Muck fires result when the loose, organic material found below the top layer of soil ignites and produces a sub-surface fire that can burn for weeks and reach temperatures of more than 500 degrees Fahrenheit. In addition to being difficult to extinguish, muck fires can produce noxious fumes and spread destructive heat to tree roots, causing trees to topple. The heat generated by a muck fire can also transfer underground horizontally to neighboring areas and ignite forest fires yards away from the original subsurface fire.
The organic material that feeds a muck fire, also known as peat, is used as fuel for cooking and heating in many places across the world. Ireland, Finland and Russia use their peat deposits to generate electricity in power plants.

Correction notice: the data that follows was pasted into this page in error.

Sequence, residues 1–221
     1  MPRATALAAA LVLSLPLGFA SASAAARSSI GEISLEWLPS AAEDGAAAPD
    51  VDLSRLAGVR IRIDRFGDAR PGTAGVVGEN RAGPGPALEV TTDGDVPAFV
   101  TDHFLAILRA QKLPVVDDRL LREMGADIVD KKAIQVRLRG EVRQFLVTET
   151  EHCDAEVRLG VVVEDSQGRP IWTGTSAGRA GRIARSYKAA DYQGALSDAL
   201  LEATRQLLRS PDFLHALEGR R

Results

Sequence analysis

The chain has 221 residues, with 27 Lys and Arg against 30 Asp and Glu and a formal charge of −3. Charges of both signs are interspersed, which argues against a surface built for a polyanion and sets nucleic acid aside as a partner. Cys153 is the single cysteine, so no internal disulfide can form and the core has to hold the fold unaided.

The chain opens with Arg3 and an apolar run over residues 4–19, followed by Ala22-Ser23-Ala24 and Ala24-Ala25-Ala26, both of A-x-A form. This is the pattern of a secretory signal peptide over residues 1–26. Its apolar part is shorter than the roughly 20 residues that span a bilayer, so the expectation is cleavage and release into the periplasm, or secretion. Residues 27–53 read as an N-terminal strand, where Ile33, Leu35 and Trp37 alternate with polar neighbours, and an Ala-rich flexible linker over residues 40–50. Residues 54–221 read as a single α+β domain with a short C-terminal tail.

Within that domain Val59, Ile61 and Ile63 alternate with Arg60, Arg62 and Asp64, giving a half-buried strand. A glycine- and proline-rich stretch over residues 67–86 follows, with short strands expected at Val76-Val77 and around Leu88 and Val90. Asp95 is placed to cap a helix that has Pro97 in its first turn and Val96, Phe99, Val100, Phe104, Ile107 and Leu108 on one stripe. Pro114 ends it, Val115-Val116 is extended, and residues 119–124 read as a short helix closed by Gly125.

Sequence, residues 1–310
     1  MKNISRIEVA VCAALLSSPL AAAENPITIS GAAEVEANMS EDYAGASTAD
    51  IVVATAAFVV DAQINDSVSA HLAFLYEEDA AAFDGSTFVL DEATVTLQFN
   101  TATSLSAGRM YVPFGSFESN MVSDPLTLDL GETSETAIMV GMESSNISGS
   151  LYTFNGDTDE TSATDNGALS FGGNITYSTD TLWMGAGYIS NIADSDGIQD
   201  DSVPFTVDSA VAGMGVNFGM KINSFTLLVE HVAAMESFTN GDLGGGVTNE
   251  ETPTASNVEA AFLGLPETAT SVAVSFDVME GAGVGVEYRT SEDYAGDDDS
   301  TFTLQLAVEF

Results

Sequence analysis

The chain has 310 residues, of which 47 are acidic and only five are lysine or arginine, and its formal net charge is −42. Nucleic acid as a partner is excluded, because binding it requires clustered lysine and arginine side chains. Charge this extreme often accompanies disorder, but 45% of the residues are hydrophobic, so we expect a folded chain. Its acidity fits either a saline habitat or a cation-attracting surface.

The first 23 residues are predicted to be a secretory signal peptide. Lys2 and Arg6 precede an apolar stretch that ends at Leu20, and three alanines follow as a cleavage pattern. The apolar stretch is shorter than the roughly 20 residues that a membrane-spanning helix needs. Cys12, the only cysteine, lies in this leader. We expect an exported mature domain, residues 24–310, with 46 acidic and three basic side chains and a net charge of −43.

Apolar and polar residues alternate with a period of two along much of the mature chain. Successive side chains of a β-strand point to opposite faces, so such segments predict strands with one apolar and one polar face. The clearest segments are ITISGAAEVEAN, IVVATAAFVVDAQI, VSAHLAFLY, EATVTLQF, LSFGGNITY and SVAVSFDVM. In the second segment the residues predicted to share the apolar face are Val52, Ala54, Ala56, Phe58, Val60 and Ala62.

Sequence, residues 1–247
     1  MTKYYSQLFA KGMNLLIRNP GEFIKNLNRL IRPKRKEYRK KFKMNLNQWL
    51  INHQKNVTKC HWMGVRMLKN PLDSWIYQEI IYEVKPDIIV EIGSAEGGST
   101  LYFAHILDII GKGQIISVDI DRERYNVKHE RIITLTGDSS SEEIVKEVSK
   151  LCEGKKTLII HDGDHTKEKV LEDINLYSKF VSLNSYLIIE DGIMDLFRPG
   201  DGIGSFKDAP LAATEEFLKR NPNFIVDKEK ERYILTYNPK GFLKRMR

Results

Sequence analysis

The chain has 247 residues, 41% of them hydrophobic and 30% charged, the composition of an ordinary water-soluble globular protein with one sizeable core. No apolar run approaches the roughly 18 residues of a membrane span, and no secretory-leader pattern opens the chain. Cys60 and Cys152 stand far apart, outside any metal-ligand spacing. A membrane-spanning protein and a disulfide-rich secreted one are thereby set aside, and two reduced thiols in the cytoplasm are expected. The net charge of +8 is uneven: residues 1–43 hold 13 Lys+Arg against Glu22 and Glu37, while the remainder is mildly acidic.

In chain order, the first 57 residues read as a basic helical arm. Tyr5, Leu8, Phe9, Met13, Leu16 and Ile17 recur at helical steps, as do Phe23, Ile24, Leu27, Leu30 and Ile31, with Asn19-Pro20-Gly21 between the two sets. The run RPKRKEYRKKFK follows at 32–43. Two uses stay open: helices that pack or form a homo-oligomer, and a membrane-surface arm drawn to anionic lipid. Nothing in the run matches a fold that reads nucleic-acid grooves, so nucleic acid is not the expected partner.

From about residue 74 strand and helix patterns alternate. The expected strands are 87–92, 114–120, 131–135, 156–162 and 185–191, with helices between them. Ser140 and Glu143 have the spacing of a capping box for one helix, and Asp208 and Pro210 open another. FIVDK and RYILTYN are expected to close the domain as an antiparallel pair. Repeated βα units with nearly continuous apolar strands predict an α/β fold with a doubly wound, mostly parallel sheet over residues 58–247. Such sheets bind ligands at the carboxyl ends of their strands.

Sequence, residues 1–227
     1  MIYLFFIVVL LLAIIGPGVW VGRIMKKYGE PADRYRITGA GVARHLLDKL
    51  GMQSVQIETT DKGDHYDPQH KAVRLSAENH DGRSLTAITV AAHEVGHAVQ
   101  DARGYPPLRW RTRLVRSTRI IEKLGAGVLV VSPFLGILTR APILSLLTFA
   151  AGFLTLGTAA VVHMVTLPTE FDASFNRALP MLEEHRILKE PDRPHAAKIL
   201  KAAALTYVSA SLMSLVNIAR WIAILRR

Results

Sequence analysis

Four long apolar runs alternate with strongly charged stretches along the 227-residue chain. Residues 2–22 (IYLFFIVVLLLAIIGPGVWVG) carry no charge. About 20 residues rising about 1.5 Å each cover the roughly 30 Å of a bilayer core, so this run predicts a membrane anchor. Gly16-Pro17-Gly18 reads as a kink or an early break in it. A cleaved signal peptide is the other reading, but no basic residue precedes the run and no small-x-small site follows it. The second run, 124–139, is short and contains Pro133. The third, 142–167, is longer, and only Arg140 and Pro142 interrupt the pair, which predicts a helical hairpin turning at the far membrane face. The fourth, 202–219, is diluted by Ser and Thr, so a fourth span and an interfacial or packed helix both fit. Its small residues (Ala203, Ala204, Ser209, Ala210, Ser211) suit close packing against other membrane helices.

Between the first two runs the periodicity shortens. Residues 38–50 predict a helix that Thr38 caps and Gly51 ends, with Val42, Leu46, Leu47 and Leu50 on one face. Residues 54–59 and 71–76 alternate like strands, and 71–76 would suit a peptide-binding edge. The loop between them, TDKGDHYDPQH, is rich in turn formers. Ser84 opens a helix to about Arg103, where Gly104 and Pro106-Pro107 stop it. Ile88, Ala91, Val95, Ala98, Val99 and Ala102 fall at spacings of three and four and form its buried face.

Comprised of decaying subsurface vegetable matter and containing a high concentration of carbon, peat burns with a higher carbon dioxide emission than natural gas or coal. It also burns easily in low moisture conditions and, while still below the surface, can be ignited by a spark from an above-surface fire or through a lightning strike.
Once ignited, smoldering peat fires can burn for weeks or months before they are detected. In the United States, muck fires, as they are commonly called, can occur during periods of drought. They can grow into significant threats to health and property in areas of high peat concentration, such as those found in the subtropical regions of Florida.